We’ve been in London for a couple of weeks now, time enough to check out a few pubs. Obviously I was aware that pubs were a big deal over here, but I wasn’t really aware of just how big a deal. There are probably twenty pubs within a ten minute walk of our flat. Back in Canada, there weren’t any pubs within a ten minute walk of where I lived and my pub of choice was a 15 minute drive. English people are also very worried that pubs are closing down at an alarming rate. In my opinion, these pubs must be closing down for a reason, that being they suck. Every pub I’ve walked by in England so far has been packed, and this is at all hours of the day, so it’s hard to imagine any half decent pub needing to close down. Anyway, I love pubs, so I’m pretty happy with my new found selection.
When first looking for interesting pubs to try I stumbled upon the Wenlock Arms, which is frequently voted North London pub of the year by CAMRA. They advertise nine casks of quality beer, so I obviously had to check it out. It was in a bit of a sketchy neighborhood that you would only go to if you lived there or were heading for this pub. The pub itself was a bit rundown, as was the clientele. I supposed I expected the young, hip crowds you find everywhere else in London, but what I found was a bunch of old dudes who look like they drink too much. Given the Wenlock Arms is a beer destination, it is fitting that it attracts beer nerds, and for good reason. The two beers we tried were both outstanding. It’s been a few weeks so I don’t remember what I had, but I was delighted to have a hoppy beer rivaling something from out of the North West for the first time in London. Built in 1836, the place has some pretty cool history too. Anyway, I’ll be back to try more of their delicious beer and to find out what it actually was, but I’ll only go there with serious beer people who will overlook the atmosphere.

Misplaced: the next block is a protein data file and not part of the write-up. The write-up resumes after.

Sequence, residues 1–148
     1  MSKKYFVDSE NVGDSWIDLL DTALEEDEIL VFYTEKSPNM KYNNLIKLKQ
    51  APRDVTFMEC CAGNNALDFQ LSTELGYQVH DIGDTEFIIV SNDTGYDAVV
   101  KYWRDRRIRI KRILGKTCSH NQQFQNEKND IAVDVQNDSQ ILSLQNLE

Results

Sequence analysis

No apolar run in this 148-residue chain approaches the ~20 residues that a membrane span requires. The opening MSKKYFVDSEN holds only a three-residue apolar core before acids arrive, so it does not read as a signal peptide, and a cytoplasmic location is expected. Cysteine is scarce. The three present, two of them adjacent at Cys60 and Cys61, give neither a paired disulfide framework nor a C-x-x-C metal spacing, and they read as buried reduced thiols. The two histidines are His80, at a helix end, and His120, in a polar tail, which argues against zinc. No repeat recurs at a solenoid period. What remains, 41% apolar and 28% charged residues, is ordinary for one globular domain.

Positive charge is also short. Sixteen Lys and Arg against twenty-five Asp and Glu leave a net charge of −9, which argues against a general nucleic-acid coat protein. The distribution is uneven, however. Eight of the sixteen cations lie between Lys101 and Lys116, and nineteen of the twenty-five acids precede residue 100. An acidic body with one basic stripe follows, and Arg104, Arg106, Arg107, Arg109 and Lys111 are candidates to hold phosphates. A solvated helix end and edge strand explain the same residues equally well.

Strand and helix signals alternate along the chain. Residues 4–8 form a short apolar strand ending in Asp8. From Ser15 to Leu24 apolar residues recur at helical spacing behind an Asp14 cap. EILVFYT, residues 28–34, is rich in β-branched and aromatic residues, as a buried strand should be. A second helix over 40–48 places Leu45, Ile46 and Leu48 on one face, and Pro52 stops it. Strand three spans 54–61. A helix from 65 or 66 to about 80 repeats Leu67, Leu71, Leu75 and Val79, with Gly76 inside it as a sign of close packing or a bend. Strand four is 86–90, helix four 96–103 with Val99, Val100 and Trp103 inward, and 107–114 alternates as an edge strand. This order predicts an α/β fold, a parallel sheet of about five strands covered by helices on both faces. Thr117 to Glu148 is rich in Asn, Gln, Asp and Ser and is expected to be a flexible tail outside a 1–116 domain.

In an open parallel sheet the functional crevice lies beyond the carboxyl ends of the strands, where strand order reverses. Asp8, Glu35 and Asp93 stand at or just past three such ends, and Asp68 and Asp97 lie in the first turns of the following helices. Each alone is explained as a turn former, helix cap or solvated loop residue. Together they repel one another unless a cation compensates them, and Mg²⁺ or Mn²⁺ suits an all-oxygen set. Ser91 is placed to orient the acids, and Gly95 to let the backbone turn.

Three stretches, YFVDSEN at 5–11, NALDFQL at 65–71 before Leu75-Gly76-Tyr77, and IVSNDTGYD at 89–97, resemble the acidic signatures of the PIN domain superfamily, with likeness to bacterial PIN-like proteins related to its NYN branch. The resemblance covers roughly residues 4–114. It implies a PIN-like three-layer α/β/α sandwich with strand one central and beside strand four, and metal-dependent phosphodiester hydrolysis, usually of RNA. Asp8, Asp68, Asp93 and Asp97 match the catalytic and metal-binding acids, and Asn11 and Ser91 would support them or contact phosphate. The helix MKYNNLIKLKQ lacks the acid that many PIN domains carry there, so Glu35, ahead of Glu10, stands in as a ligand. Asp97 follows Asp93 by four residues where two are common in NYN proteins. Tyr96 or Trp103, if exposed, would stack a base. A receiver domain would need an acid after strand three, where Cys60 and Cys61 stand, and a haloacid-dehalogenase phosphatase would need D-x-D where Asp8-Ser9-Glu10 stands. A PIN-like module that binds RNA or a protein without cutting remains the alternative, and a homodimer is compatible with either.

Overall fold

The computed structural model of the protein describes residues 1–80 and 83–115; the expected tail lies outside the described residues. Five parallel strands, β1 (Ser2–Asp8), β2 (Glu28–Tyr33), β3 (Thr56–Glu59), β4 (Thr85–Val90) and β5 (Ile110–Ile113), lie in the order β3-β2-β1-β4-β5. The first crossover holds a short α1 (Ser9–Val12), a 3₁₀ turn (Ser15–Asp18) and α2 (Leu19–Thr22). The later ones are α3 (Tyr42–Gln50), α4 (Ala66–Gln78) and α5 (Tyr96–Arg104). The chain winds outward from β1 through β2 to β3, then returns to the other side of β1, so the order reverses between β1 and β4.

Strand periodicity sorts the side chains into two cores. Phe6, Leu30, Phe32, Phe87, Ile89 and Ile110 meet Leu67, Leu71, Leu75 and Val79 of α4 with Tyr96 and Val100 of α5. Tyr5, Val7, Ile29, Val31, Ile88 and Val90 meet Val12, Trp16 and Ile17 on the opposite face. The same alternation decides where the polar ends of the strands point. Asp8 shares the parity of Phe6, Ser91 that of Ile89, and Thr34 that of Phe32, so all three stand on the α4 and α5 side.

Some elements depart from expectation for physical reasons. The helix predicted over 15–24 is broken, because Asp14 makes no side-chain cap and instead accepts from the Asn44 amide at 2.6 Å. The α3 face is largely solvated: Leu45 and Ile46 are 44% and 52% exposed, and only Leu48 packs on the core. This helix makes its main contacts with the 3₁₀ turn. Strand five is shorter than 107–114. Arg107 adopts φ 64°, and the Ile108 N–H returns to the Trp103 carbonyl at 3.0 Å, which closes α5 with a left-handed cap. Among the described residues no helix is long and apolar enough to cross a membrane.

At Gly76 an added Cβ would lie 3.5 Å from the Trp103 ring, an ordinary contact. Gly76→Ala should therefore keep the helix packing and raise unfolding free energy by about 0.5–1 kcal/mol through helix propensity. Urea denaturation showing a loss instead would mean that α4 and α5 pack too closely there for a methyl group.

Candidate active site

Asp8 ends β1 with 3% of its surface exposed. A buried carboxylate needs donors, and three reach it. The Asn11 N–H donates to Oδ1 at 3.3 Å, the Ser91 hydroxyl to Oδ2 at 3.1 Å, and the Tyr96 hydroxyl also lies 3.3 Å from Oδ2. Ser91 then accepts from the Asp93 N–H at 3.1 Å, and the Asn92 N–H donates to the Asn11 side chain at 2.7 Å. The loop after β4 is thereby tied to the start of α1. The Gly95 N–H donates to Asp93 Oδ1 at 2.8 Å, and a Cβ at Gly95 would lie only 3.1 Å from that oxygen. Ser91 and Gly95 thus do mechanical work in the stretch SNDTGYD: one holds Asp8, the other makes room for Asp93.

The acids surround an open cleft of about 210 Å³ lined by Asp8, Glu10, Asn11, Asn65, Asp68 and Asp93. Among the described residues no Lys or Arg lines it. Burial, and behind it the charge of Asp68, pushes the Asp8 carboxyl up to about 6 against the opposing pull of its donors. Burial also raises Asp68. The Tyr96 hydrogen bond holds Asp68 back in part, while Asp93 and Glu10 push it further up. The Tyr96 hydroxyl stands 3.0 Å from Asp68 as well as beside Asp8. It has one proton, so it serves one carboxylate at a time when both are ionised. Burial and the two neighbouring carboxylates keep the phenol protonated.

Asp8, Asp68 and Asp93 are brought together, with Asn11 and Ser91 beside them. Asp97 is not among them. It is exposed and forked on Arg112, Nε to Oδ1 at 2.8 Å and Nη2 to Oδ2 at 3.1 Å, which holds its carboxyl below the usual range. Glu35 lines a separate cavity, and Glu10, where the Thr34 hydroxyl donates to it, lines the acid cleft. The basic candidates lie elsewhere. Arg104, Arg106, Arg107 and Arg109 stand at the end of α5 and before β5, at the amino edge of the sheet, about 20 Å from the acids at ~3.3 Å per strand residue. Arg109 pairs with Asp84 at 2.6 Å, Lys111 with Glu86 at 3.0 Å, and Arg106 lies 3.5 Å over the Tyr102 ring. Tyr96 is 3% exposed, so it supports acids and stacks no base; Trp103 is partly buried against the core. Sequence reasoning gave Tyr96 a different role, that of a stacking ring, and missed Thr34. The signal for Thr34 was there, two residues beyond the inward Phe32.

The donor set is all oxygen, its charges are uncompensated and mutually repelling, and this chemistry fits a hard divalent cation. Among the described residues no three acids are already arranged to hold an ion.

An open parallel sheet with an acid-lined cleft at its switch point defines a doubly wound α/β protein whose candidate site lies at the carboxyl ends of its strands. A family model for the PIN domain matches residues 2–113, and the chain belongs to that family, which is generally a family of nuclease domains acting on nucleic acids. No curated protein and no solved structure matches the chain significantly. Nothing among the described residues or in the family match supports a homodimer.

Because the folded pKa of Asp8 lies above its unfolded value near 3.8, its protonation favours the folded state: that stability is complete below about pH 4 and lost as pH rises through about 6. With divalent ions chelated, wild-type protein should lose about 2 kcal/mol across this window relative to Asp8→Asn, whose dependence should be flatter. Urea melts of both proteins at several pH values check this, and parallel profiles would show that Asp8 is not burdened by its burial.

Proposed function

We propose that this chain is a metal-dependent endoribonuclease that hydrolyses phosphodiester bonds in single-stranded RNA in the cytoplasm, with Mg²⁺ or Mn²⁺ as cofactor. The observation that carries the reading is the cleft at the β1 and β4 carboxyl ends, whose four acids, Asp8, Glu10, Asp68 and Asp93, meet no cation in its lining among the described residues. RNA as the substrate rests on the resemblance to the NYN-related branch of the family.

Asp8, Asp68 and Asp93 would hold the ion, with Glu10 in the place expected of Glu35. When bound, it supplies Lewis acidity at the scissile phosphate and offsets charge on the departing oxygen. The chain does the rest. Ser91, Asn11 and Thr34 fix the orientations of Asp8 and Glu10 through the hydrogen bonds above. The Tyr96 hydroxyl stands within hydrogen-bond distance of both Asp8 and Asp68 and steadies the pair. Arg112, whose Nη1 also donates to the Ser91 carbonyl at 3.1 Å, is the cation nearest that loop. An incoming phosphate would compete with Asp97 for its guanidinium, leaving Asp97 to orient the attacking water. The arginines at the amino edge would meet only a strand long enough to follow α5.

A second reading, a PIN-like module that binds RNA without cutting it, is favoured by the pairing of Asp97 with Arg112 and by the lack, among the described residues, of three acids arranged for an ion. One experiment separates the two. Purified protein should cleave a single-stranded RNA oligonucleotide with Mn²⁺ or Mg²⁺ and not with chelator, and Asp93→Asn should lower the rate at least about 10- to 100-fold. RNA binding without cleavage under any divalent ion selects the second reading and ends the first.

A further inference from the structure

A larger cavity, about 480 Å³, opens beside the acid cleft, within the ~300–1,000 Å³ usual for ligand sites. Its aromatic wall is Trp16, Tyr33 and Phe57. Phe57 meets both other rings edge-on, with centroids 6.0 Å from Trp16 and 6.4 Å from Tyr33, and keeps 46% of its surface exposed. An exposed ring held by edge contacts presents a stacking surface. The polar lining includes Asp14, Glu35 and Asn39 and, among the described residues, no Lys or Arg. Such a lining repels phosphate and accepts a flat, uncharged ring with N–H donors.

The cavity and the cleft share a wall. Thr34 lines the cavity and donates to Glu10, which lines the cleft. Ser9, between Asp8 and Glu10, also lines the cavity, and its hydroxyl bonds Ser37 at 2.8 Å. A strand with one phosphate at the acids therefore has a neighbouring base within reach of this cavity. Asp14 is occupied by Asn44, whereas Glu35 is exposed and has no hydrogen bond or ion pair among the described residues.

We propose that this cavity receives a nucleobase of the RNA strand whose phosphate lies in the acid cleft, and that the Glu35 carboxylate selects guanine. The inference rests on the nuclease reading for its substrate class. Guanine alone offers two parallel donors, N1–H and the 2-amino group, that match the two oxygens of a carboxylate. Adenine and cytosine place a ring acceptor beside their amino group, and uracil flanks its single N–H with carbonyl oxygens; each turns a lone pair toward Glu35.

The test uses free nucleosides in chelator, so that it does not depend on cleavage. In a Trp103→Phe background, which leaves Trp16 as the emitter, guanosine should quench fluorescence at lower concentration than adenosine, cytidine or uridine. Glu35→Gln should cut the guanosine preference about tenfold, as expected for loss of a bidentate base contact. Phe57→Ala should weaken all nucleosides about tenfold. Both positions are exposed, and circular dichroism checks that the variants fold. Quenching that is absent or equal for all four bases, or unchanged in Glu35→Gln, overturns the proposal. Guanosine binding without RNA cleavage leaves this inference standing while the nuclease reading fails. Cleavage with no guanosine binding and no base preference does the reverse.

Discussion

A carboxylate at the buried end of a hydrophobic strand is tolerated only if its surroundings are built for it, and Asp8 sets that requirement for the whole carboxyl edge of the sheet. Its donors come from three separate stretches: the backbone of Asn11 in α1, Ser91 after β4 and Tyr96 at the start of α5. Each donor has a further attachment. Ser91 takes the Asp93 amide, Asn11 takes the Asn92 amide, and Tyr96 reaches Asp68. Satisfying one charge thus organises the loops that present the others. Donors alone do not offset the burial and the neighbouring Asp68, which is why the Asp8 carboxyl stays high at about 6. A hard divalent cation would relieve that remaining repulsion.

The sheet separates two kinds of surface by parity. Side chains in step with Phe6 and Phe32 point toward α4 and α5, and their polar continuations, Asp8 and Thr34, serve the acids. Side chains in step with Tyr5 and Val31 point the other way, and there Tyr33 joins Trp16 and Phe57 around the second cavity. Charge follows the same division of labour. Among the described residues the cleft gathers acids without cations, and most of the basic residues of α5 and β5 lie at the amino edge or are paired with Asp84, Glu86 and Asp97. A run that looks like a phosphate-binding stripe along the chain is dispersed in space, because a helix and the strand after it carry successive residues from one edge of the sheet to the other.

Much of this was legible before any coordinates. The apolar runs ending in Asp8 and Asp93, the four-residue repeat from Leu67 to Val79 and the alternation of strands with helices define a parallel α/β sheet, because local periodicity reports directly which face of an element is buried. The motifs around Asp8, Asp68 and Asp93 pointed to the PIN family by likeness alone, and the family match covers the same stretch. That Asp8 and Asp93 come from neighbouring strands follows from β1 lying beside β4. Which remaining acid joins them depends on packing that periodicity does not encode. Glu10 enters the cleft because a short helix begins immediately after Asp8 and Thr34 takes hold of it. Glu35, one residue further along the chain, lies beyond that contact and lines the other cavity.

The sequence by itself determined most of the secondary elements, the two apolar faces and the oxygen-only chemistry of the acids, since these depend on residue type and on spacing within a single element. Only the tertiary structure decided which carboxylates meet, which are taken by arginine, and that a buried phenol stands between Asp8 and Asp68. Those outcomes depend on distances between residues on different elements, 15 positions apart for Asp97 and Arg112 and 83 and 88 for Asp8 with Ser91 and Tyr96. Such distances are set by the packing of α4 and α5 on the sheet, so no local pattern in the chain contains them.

While not every pub has nine casks of delicious beer on offer, pretty much all of them have at least three. This includes The New Rose, which is a convenient one minute walk from our place. It’s a livelier spot frequented by the trendier locals hereabouts and it just might be our regular pub. Their website is brilliant too.
The irony that I’ve moved from Surrey near Guildford in Canada to Surrey near Guildford in England (at least until we head up to London next week) isn’t lost on me. This time I’m not talking about Central City, Russell Brewing, or Big Ridge, but Hogs Back Brewery. Much to my surprise, I learned of Hogs Back Brewing through Google Buzz. It was recommended to me by a friend of friend in Canada who originally comes from Surrey. Without a car, I was trying to figure out how to get to Hogs Back when a random Google Buzz user let me know of a few pubs in Guildford that carry their brews. Who knew people used Google Buzz? Anyway, I eventually found Hogs Back’s beers at a small beer and wine shop in Shalford.